targhee

Ah, Targhee, I didn't realize how much I loved you - but really I shouldn’t be surprised. My experience with Targhee had thus far been limited to milled yarns and I'm happy to report that the things I love about this breed's fleece is apparent when both knitting and spinning.

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The hope for a dual purpose, uniquely American breed that could withstand the harsh weather of the wild American West was certainly fulfilled with the creation of Targhee sheep.

"Invented" quite recently at the United States Sheep Experiment Station in 1926, Targhee hail from Rambouillet, Lincoln, and Corriedale stock - all long wool breeds known to produce lovely fleece. This lineage of fine fiber combined with the knowledge garnered through the creation of the Columbia breed (also at the USSES), resulted in the big boned-incredibly soft fine fleece producing-Targhee. 

Naturally polled and with open, wool-free faces, Targhee rams can weigh in at a whopping 200-300 pounds, with ewes weighing as much as 200 pounds (big sheep!!). In general, Targhee are white but every now and then some black or brown will sneak in, though deviation from white isn’t accepted per breed standards.

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Like their genetic predecessors, Targhee fiber is both soft & squish-able and dense & durable. A staple length of 3-5 inches makes spinning it quite enjoyable - that said having spent so much time recently with much longer staple length fibers keeping my hands and feet in sync at the wheel kept me on my toes (literally).

Having picked up this braid soon after bringing home the antique wheel, I figured might as well get this sassy lil bit of hand dyed Targhee on that 200 year old bobbin. When breaking up and preparing the fiber, I tried to do a bit of a fractal thing with the colors. Juries still out on whether or not I actually accomplished it though…

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The specs: 19 wraps per inch | gauge unknown | 39 grams so far

Plans for this skein are still in the works, and I have another ~30 grams of it to spin, but the idea thus far has been to use it to make a pair of house slippers for Andy, something like these ones made by Temple of Knit. At any rate, I’m pretty sure I’ll be able to eek out enough yardage for some kind of fun small project.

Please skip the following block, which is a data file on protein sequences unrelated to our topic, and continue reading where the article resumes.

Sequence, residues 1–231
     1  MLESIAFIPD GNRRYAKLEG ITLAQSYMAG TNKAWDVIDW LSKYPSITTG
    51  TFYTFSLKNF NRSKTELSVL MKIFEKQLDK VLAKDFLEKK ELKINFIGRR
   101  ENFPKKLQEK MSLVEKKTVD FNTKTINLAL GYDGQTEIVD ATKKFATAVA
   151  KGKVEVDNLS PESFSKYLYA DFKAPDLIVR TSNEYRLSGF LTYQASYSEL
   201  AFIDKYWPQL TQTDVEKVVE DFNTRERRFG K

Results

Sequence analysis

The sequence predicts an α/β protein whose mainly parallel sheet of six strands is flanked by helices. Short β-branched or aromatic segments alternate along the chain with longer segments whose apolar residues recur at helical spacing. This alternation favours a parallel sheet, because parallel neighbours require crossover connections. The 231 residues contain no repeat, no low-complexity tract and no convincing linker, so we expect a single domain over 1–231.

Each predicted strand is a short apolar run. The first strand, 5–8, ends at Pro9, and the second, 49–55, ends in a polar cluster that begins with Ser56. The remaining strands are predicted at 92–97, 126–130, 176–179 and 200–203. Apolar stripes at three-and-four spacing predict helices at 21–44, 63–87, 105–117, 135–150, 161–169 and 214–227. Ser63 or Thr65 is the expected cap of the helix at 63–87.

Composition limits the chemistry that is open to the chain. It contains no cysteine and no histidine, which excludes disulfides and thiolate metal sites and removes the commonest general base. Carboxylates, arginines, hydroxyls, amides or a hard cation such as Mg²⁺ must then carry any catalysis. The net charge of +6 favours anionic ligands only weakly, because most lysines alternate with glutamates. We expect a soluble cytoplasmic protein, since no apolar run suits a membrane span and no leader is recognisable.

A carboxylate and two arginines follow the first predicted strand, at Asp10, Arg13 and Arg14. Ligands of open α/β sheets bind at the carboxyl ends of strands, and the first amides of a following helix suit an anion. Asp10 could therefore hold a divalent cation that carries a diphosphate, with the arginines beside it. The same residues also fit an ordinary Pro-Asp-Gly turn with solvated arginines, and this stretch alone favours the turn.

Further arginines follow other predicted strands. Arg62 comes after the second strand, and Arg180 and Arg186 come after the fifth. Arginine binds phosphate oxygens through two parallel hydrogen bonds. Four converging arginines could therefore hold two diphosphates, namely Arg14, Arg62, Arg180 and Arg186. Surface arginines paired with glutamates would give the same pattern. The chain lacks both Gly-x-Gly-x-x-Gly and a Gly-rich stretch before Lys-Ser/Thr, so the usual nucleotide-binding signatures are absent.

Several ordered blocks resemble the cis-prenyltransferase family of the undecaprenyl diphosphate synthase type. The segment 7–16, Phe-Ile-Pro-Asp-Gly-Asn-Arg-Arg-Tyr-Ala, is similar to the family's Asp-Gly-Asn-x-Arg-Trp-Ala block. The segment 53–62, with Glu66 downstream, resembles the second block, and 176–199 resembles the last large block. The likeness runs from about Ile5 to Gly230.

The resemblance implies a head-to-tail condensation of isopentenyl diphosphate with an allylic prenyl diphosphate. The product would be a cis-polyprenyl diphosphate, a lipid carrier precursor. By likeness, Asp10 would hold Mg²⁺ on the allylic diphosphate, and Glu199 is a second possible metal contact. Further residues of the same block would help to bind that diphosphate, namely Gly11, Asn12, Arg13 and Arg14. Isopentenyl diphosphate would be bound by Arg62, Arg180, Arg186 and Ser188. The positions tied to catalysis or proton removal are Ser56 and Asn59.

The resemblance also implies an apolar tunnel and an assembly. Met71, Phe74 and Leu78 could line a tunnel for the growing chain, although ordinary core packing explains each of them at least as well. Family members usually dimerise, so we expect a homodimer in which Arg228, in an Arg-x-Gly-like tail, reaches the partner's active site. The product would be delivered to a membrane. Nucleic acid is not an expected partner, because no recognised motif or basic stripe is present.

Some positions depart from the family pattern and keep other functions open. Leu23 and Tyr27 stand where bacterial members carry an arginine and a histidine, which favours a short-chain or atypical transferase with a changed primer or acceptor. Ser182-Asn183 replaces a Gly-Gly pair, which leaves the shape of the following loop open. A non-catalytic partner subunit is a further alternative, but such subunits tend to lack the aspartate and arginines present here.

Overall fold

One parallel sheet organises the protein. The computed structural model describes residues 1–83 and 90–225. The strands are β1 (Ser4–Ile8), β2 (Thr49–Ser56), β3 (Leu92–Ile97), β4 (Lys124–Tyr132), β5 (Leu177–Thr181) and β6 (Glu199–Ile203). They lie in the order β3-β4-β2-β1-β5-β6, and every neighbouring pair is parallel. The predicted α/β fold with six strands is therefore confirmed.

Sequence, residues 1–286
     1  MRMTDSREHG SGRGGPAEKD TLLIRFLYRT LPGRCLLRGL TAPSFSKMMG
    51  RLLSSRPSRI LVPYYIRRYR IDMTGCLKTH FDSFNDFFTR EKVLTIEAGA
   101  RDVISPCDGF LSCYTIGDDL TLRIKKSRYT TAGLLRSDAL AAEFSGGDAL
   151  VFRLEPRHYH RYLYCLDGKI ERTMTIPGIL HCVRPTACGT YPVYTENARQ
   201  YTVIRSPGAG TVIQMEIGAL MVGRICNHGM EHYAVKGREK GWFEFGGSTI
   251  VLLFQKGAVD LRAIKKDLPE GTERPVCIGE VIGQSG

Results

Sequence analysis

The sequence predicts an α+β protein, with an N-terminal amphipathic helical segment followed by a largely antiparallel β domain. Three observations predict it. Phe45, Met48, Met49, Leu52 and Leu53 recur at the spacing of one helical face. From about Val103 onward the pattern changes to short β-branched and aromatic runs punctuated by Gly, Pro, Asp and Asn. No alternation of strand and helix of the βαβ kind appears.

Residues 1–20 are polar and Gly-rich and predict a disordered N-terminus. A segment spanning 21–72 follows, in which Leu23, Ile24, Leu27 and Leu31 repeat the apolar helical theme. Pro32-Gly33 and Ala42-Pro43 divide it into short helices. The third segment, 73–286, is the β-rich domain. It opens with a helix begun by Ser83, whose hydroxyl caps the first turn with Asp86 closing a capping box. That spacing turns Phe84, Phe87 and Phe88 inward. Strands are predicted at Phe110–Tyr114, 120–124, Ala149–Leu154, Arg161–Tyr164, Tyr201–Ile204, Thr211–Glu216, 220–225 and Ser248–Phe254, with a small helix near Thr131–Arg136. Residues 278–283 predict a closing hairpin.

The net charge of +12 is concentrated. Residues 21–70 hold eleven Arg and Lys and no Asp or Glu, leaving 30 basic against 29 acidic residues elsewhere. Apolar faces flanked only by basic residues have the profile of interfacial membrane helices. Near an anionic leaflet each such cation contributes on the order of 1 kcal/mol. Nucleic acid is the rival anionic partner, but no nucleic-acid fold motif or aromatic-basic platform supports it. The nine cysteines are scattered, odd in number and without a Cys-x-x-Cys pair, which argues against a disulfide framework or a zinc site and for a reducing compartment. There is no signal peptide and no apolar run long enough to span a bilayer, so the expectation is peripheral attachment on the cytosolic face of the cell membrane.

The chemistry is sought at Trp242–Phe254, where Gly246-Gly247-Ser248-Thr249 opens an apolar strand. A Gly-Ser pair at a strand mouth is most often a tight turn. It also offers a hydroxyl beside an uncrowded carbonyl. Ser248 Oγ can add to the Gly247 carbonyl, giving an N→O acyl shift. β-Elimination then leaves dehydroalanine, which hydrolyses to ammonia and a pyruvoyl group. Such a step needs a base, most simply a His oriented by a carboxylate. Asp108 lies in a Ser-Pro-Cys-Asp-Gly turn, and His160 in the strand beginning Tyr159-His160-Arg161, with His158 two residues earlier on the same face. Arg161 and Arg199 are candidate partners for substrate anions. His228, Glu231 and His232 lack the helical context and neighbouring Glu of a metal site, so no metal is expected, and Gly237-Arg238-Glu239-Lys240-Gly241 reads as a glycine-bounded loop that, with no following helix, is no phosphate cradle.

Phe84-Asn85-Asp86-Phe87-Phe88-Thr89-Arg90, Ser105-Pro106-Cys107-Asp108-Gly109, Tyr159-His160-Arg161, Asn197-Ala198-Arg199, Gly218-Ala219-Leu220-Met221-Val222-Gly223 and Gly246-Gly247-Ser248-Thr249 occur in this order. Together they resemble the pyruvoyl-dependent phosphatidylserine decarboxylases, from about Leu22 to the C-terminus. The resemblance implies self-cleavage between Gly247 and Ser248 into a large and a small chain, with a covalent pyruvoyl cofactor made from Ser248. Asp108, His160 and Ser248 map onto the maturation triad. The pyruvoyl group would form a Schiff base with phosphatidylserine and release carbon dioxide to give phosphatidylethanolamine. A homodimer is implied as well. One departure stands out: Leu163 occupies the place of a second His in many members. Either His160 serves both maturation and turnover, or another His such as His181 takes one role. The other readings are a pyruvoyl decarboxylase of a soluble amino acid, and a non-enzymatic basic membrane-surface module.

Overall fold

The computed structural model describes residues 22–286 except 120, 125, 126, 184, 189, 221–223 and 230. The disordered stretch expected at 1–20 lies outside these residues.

stash pt. 1

My goal this year has been two-fold: to knit from stash, and to spin whatever else was needed. Since my making is rooted in my politics, each unused skein of yarn or neglected cake is a not-so-subtle reminder of my consumptive habits and lack of impulse control concerning all things wool.

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"Reduce, re-use, recycle" and "make do and mend" are common phrases heard in my house. And in all aspects of my life, I strive to reduce the footprint I'm leaving behind on this planet. When it comes to the art of making, these phrases I so hold dear get complicated and twisty. Often I need materials, so I'll go buy things. While buying local is my first preference, sometimes things need to be ordered online, but regardless either myself or the delivery person is driving around burning fossil fuels to get the thing to me.

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So, what am I doing about all this. 

The first step is simple; use what I have. Whether that's ripping out old projects that haven't been finished or using up the skeins and cakes that have sat on the shelf for far too long, using what's already within arms reach alleviates stash related anxiety as well as capitalistic urges to consume, consume, consume. 

I've happily begun the adventure of working through my stash, and so far have finished a Beach Tank and a pair of socks. Soon to follow are some sweater WIPS including Kumon, Yves, and Lovage. It's been really liberating so far to watch the skeins dwindle, even if only the smallest of dents has been made in my yarn cubby. 

Stay tuned for stash pt. 2 where I'll talk more about my stash busting projects!

 

a tale of two nests